This morning, we receive news from Palo Alto, CA of a mother who was seriously injured after she was hit by a juvenile driving a car in a residential neighborhood.
Elsewhere today: Sedan into the back of a big rig on I-5 near Orland, CA results in driver fatality.
- Very confusing set of dispatches of a crash on Highway 1 near the Naval Postgraduate School in Monterey, CA is coded as a fatality, but I can’t find a news report of this one. If you’d like to try to decode the dispatches, the chronology is bottom to top and begins “XRAY IS CLIMBING OO VEH” which is cop slang for “women is climbing out of vehicle.” From there, we have reports of tow trucks and fire engines stuck in traffic and, eventually, a request for evidence tow.
- Rollover crash in Half Moon Bay claims a life. This is the third automobile fatality on Highway 1 between Half Moon Bay and Devil’s Slide in two weeks.
Sunday: Oakland man fatally struck in Gilroy, CA.
Saturday: Car vs tree on San Tomas Expressway near Moorpark in San Jose, CA last Saturday results in driver fatality.
- Driver pronounced dead on Highway 101 near Healdburg, CA. CHP dispatch says, “WITNESS SAW HIM HIT MANY TREES // HIT VERY HARD.”
- Highway 1 north of Point Reyes closed for three hours after a truck lost it on a turn.
- Monterey County attorney seeks witnesses in their investigation of a man who ran over and killed two women on foot on East Laurel Drive last November. This was a hit and run with suspected DUI.
- Can you obey traffic laws better than a fifth grader? Tell me if this makes any sense. The city of Berkeley plans to reduce speed limits around school zones to improve safety. Berkeley police say this won’t work because adult drivers are an unruly, unmanageable lot who don’t obey speed limits. They claim instead that children should learn how to behave better around cars.
- We have these “Drive like your kids live here” signs in Santa Cruz, too. Watch this outstanding report from walnut Creek by Stanley Roberts:
- Nobody seems to know about this so I’ll repeat it: Santa Cruz DA investigating the Highway 1 fatality of cyclist Joshua Alper. “High priority case,” says county attorney Bob Lee.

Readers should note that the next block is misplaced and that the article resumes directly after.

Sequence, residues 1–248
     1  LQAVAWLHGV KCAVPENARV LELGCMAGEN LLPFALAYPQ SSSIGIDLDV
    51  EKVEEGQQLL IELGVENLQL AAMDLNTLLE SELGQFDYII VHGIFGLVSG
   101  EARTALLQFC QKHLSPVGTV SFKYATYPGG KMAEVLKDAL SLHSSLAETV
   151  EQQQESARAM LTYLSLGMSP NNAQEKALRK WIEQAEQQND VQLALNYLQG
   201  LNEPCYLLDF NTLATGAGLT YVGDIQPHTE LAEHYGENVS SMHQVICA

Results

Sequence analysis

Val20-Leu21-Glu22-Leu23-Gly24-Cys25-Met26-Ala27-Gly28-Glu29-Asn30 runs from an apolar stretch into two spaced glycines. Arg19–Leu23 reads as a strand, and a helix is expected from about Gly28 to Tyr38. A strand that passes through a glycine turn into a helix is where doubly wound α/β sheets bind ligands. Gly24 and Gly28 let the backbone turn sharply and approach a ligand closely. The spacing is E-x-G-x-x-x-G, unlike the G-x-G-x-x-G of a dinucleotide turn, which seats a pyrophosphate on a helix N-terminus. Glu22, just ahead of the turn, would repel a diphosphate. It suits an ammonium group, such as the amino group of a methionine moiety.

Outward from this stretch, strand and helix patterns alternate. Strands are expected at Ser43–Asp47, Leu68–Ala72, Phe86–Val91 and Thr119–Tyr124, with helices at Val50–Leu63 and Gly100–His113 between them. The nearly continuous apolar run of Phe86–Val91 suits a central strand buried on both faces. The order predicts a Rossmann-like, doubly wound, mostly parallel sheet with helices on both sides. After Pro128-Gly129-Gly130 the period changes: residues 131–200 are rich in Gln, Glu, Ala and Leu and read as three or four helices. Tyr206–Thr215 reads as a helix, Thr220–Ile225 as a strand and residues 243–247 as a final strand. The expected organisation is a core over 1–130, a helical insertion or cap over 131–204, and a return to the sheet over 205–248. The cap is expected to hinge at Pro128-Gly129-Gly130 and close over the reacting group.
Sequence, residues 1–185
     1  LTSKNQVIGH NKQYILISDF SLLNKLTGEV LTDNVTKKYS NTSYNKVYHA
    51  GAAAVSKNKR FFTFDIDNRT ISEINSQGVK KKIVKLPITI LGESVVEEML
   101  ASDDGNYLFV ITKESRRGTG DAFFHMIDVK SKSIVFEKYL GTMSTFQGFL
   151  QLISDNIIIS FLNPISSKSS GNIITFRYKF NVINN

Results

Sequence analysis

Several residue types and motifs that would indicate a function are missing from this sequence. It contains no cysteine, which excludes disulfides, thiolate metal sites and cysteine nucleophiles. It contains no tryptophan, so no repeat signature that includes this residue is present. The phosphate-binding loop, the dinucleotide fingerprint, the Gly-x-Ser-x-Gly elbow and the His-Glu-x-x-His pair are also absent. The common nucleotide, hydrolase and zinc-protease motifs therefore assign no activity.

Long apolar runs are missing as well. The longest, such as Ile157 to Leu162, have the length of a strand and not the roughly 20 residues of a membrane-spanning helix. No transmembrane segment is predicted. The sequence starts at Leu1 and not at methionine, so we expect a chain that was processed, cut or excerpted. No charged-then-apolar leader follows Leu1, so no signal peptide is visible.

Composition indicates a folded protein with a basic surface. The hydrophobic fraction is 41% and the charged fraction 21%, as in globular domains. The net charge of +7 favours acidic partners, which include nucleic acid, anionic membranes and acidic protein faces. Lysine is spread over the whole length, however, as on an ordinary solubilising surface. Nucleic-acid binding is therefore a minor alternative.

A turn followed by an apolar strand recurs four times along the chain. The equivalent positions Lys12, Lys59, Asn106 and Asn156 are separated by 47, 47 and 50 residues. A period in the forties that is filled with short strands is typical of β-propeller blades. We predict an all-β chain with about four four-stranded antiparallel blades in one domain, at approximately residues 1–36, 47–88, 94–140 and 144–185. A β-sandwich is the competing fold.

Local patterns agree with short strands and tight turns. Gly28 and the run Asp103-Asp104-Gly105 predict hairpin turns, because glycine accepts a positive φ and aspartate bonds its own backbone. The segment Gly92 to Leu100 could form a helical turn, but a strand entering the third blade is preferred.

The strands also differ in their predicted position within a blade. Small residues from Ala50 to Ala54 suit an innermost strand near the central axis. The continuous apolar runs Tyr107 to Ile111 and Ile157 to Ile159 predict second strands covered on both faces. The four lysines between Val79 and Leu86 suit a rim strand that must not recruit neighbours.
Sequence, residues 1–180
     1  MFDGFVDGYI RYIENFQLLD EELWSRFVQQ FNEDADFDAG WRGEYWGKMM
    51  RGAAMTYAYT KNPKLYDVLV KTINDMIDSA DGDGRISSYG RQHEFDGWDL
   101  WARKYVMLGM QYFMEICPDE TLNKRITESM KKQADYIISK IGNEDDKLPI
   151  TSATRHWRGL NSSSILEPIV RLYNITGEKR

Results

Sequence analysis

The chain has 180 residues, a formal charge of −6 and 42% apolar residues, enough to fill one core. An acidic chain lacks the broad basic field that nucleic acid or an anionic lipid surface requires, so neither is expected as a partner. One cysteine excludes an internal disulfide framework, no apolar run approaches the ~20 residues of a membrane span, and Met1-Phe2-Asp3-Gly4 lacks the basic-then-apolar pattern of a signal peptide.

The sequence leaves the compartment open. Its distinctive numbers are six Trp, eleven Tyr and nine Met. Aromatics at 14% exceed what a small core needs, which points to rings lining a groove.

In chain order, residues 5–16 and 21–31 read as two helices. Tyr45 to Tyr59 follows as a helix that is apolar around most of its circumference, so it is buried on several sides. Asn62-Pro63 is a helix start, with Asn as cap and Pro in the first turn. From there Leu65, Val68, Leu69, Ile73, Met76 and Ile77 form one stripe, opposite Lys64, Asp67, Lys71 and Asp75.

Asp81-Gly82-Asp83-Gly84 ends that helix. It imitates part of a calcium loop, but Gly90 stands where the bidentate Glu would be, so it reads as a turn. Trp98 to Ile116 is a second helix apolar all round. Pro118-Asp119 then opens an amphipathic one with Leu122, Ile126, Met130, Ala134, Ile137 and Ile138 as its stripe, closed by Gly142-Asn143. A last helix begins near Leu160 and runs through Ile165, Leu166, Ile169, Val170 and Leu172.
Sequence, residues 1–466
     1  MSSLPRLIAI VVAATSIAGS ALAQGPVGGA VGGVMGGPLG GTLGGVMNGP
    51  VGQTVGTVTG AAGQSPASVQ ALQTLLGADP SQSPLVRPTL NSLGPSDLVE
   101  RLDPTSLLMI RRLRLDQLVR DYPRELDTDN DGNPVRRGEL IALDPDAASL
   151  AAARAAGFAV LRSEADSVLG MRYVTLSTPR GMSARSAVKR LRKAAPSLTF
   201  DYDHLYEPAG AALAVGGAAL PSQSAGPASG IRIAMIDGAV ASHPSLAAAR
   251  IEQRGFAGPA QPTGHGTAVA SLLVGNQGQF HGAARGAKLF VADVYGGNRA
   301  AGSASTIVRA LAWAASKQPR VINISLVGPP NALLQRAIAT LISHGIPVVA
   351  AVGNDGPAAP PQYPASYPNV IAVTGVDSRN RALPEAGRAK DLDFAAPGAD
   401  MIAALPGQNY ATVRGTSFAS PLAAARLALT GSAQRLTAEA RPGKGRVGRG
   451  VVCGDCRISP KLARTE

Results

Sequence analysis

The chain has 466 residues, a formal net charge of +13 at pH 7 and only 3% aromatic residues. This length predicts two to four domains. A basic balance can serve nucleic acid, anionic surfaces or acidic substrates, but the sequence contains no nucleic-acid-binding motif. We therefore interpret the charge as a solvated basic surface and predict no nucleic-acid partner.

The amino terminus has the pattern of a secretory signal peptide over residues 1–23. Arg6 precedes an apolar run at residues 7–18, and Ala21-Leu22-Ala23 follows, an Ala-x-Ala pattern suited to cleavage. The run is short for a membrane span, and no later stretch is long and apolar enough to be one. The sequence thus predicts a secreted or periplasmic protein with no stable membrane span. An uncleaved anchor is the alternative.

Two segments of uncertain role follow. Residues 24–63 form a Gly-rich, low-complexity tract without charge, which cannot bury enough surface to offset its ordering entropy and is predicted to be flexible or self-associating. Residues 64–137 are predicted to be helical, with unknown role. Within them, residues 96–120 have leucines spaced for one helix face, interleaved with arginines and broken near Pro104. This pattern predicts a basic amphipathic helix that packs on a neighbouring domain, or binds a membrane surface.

- Let’s wrap things up with this unbelievable story of a teen who killed four pedestrians and was let go because of “affluenza.”
Sixteen-year-old Ethan Couch admitted to four counts of manslaughter after he and seven other boys stole alcohol from Walmart, piled into his car and struck and killed four pedestrians while going 70 miles per hour in a 40 zone. One of his passengers remains in the hospital with severe brain damage, and nine other bystanders were also injured.
Couch’s defense was that he was a victim of his parents’ wealth and privilege; in that he never had to face consequences.
The judge — with no apparent irony — agreed with the boy’s defense.
Since, in a battle between car and tree, the tree always wins, does that suggest cars should be banned from roads with trees? How do you do an emoticon for “tongue in cheek?”
Federal Highway Administration says:
In other words, the trees and other vegetation are at fault and should be banned not only from the roadway, but from the vicinity of the roadway.
Especially in recent times, I’m seeing more and more FOCUS on “CARNAGE”.
My question is, Are you changing the FOCUS of your site FROM “Bikes and The Joys of Cycling” TO “Death & Destruction” (and “don’t ride, you’ll die on the road”)?
Are you trying to discourage us from cycling by instilling FEAR & DREAD into us? I’m just trying to understand where you’re intending to takes us with this sudden obsession with “CARNAGE”: Or where you’re taking yourself.
I’m not saying we’re doing anything wrong here, I’m just saying we need to be keenly aware of what it is, exactly, we are doing. So again, I guess I’m just asking: “What are we doing here?”
I’m glad you asked about this. My carnage articles are precisely to highlight the danger of using automobiles and to counter the constant claim of danger in cycling. You’ll note the majority of California fatalities reported here are motor vehicle occupants.
I use Stanley Roberts’ videos to demonstrate that scofflaw behavior on the roads is not limited to cyclists but is a universal.
I appreciate it, Richard. It provides a useful perspective in contrast to the blogs that focus so much on cycling deaths.